Matthew Lee (李世明), chief of the Department of Protocol at the Ministry of Foreign Affairs, said 171 foreign guests from diplomatic allies and other countries would attend this year’s Double Ten day celebrations, a significant reduction from 368 people last year. It is hardly surprising that so few foreign dignitaries would show up when Ma is focusing so much on China.

Justifying the large discrepancy, the ministry said that 584 guests attended Ma’s inauguration in June, effectively using up most of the Double Ten day budget. But the Double Ten day celebrations have their own budget. Moreover, the presidential election occurs once every four years, so calling Ma’s inauguration a national celebration is ridiculous. The real issue seems to be that Ma is trying to appease Beijing by keeping national day celebrations low-key.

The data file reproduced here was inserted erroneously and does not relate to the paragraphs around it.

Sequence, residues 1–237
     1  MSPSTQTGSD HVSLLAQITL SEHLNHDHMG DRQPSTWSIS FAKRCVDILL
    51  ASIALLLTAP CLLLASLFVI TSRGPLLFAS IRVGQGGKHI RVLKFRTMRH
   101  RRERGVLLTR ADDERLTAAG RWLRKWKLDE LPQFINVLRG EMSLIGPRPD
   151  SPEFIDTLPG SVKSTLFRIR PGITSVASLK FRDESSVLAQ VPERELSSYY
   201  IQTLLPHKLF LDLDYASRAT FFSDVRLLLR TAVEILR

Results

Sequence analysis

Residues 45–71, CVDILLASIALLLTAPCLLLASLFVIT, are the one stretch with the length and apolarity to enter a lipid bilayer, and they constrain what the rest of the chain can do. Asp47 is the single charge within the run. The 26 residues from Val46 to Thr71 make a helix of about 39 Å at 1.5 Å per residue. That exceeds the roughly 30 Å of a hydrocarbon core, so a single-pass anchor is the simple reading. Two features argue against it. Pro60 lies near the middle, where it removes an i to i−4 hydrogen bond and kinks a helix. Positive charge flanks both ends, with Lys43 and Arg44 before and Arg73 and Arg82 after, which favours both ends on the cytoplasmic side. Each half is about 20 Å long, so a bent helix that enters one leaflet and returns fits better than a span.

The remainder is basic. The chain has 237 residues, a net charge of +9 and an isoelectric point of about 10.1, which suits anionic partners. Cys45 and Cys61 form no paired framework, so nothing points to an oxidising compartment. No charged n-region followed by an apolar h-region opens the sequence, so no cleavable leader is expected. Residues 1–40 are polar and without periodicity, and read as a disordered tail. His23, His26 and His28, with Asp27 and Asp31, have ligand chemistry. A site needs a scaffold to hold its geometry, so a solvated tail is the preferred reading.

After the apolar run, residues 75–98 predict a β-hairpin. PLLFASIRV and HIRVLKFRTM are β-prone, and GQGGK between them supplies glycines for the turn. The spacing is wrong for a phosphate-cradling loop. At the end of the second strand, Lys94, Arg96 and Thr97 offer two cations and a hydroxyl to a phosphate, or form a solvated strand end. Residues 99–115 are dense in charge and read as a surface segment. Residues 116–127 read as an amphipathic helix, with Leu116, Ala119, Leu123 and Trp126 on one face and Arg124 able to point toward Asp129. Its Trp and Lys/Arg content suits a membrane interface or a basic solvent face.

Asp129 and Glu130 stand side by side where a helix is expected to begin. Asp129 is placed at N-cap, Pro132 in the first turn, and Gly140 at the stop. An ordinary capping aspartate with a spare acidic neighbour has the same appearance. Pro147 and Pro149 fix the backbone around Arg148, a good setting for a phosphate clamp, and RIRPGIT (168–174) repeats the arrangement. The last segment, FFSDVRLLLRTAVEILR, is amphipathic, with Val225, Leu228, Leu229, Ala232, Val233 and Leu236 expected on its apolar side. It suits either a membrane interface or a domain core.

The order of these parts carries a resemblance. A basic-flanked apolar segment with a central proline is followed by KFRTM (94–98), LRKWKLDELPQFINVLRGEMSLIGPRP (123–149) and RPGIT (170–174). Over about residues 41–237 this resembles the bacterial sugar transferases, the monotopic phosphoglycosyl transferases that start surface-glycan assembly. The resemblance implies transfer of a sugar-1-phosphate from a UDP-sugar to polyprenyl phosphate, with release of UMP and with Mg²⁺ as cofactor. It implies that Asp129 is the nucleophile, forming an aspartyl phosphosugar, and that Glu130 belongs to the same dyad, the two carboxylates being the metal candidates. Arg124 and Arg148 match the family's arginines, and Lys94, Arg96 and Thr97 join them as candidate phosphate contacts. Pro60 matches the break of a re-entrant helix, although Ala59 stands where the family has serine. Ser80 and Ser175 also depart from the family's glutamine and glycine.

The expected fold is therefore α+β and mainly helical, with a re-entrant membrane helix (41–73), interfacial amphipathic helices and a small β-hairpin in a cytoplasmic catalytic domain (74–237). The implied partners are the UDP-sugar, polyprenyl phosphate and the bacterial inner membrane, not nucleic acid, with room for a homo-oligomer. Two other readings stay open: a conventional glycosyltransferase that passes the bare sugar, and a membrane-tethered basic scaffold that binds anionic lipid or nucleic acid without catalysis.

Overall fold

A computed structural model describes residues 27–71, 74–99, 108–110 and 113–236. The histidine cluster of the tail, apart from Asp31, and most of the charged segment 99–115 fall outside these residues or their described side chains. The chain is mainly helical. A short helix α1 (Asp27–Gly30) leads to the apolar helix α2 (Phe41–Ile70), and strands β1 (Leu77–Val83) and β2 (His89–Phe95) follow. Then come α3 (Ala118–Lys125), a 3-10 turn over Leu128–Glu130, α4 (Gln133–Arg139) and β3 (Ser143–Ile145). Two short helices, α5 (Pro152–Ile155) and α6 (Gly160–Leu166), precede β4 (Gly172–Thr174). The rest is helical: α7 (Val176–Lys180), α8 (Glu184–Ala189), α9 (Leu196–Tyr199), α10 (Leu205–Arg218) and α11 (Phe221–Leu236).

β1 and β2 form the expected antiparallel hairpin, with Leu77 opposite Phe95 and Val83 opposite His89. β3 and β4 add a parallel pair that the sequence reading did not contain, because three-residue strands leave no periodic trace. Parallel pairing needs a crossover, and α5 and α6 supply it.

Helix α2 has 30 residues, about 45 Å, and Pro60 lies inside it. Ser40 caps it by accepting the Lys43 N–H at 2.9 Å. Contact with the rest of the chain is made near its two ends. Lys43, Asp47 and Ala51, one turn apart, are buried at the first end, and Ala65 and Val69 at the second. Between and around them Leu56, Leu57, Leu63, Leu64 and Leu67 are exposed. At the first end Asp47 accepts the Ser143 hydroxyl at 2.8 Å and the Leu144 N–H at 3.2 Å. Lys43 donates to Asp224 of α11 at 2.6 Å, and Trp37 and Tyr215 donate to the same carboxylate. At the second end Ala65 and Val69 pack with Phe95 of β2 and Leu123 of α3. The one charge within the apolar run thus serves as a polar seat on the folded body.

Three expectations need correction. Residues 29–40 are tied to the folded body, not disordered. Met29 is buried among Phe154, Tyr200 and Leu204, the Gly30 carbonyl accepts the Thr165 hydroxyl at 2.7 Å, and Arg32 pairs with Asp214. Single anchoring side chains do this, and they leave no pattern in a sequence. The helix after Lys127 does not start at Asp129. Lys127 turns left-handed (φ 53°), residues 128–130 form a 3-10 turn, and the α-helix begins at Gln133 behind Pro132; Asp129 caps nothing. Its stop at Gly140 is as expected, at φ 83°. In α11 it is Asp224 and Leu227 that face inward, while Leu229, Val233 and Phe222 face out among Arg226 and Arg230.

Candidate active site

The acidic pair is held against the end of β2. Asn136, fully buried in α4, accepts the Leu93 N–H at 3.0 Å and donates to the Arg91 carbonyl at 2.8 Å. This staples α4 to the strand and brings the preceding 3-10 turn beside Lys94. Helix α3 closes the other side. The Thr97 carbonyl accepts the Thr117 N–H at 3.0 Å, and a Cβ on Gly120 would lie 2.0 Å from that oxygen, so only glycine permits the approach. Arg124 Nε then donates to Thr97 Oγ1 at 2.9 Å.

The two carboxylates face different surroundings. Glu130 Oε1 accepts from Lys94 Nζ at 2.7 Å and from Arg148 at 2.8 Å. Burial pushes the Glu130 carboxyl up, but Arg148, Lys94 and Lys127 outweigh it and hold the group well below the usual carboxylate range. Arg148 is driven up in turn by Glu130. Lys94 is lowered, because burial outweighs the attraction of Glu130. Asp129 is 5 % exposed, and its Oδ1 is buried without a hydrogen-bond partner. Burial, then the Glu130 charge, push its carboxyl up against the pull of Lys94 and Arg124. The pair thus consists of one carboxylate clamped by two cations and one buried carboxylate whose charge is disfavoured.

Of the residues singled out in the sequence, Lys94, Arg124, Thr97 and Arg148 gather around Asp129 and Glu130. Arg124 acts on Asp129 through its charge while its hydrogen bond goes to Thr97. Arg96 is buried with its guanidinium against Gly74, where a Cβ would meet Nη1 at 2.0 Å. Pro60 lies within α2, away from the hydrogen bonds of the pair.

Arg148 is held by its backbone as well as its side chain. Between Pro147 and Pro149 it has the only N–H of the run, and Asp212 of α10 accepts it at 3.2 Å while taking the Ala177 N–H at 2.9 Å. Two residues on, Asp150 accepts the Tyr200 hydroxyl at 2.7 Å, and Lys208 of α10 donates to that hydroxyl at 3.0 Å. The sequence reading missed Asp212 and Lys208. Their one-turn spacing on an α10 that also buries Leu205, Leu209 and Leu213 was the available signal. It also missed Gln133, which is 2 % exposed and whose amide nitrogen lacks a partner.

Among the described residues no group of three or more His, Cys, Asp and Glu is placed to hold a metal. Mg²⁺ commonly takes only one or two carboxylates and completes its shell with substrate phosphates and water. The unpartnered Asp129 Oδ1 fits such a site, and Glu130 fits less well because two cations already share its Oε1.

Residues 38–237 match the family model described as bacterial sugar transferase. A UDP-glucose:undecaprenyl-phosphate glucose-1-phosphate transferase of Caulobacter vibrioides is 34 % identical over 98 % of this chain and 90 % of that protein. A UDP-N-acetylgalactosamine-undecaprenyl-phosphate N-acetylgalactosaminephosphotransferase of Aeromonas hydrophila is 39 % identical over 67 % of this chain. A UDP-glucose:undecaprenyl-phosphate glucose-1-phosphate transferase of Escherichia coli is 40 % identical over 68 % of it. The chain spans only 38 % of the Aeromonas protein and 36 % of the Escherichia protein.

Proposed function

It is ironic that this year’s festivities will be held without a military parade just after the White House approved an arms package for Taiwan. This contrasts with last year’s celebrations, which featured a military parade at a time when the government and opposition parties failed to reach agreement over the arms deal. But suggestions earlier this week by National Security Bureau Director Tsai Chao-ming (蔡朝明) that the 2003 SARS outbreak might be a biological weapon spawned by China makes a weapons package seem less relevant.

The current administration’s actions since it gained power — placing all its diplomatic and economic eggs in China’s basket while insisting that Taiwan is a “region” rather than a nation — betrays a government that has an interest in the fiction of a greater Chinese nationalism.

As recently as 2006, Academia Sinica researcher Wu Nai-teh (吳乃德) showed a steady increase from 1991 to 2004 in the number of people identifying themselves as Taiwanese. He also showed that those identifying themselves as Chinese fell proportionately.